This paper describes an investigation into the viability of mental models used by novice programmers at the end of a first year Java programming course. The qualitative findings identify the range of mental models of value and reference assignment held by the participants. The quantitative analysis reveals that approximately one third of students held non-viable mental models of value assignment and only 17% of students held a viable mental model of reference assignment. Further, in terms of a comparison between the participants' mental models and their performance in in-course assessments and final examination, it was found that students with viable mental models performed significantly better than those with non-viable models. These findings are used to propose a more "constructivist" approach to teaching programming based on the integration of "cognitive conflict" and program visualisation.
Além disso, veja pesquisas posteriores dos mesmos autores do estudo Sheep vs Goats ( que nunca foi publicado, para ser claro). Seu último e mais recente estudo sobre este tema de 2009 é Meta-análise do efeito da consistência sobre o sucesso na aprendizagem precoce da programação (pdf).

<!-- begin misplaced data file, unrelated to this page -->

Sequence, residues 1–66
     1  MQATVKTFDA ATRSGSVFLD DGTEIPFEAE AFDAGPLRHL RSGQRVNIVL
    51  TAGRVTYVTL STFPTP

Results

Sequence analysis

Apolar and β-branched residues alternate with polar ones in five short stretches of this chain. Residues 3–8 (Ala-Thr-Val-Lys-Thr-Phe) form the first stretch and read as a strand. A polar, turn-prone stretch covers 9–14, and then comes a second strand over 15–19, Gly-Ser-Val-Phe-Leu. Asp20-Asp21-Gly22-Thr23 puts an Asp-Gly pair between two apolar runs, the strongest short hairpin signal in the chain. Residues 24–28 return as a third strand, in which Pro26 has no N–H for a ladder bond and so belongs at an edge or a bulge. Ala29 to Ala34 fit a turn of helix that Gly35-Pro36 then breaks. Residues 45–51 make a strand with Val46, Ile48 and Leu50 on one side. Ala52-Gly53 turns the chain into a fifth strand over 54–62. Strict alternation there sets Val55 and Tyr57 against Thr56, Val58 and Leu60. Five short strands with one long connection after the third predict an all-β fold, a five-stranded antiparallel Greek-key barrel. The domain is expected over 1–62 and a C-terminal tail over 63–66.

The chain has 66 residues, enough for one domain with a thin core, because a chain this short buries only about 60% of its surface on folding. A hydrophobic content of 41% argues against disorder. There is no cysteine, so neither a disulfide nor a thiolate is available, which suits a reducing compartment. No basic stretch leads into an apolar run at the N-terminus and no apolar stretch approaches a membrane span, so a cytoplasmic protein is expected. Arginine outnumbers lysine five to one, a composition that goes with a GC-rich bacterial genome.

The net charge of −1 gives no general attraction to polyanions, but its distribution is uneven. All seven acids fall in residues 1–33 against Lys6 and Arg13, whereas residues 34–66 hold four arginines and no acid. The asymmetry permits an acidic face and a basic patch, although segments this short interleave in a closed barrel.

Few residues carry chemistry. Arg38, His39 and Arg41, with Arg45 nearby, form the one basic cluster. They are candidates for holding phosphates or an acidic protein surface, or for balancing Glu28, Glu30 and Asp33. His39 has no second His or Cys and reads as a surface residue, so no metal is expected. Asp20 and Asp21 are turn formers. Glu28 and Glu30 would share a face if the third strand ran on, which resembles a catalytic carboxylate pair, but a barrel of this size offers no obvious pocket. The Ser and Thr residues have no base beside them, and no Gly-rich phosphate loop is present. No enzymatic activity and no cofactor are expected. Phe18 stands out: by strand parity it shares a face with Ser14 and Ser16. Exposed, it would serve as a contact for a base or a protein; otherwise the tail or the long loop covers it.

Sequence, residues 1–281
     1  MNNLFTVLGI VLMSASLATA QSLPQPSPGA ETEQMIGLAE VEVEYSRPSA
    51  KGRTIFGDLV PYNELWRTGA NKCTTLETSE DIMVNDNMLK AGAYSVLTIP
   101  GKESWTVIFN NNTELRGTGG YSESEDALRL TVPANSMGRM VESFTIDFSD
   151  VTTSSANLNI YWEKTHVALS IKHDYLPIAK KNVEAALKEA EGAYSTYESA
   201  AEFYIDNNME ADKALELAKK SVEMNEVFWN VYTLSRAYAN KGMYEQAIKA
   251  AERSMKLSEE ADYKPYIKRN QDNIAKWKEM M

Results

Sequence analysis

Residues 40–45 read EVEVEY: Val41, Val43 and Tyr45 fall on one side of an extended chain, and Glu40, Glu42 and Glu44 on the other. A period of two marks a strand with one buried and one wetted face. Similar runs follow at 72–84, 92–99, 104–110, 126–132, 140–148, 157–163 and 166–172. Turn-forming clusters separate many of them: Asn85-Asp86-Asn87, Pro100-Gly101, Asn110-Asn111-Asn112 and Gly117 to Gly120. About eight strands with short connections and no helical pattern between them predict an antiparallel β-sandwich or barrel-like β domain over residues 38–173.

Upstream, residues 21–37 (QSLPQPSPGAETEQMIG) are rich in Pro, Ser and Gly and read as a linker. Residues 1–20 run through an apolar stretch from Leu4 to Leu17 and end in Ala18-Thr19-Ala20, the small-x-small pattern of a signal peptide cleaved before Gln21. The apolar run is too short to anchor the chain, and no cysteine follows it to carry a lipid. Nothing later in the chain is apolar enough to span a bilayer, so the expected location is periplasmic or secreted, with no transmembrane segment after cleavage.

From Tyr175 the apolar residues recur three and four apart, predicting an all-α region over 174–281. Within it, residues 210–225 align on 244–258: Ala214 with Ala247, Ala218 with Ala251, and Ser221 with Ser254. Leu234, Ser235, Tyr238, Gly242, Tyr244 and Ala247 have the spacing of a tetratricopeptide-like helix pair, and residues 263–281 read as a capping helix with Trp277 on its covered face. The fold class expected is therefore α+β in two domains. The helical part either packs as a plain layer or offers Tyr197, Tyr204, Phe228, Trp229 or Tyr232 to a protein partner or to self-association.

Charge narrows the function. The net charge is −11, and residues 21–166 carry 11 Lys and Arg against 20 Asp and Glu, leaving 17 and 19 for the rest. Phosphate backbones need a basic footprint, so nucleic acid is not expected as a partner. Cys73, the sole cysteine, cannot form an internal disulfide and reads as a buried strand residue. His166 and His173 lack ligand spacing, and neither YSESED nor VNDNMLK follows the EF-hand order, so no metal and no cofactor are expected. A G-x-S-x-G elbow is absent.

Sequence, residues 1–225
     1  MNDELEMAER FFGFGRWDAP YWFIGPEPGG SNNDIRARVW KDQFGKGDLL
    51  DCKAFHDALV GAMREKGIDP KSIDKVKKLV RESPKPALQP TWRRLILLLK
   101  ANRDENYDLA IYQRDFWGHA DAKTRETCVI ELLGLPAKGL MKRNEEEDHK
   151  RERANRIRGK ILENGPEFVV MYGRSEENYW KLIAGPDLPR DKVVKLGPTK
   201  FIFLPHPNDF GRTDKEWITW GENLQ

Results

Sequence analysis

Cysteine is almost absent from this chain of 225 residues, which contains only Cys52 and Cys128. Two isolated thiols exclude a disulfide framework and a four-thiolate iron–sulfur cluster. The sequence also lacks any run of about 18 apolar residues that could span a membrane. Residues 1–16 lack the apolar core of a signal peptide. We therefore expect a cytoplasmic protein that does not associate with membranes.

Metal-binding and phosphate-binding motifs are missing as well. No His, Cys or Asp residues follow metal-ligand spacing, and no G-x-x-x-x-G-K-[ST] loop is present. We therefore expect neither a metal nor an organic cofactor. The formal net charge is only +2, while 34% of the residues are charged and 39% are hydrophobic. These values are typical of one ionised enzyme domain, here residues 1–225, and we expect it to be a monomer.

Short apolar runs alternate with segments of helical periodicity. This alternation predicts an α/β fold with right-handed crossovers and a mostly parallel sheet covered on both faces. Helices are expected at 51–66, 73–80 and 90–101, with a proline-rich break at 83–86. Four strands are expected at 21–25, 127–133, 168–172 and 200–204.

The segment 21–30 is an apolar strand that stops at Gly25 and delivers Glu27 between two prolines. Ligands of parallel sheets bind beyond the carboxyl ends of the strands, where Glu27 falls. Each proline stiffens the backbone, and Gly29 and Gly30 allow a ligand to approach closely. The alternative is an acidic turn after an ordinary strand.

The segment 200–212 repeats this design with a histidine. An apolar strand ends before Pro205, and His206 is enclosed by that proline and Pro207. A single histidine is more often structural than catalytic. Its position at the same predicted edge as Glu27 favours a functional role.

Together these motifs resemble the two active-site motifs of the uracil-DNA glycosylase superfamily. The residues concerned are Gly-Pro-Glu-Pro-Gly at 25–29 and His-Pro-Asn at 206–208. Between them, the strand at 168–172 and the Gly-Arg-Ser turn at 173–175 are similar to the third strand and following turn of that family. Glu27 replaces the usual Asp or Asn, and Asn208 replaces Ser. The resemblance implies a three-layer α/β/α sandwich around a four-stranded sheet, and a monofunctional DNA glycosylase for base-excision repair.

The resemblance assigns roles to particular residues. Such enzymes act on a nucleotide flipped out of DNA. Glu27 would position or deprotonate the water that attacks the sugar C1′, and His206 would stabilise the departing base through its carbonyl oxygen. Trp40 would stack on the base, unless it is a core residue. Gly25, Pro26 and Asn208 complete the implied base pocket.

A test was designed that apparently examined a student's knowledge of assignment and sequence before a first course in programming but in fact was designed to capture their reasoning strategies. An experiment found two distinct populations of students: one could build and consistently apply a mental model of program execution; the other appeared either unable to build a model or to apply one consistently. The first group performed very much better in their end-of-course examination than the second in terms of success or failure. The test does not very accurately predict levels of performance, but by combining the result of six replications of the experiment, five in UK and one in Australia, we show that consistency does have a strong effect on success in early learning to program -- but background programming experience, on the other hand, has little or no effect.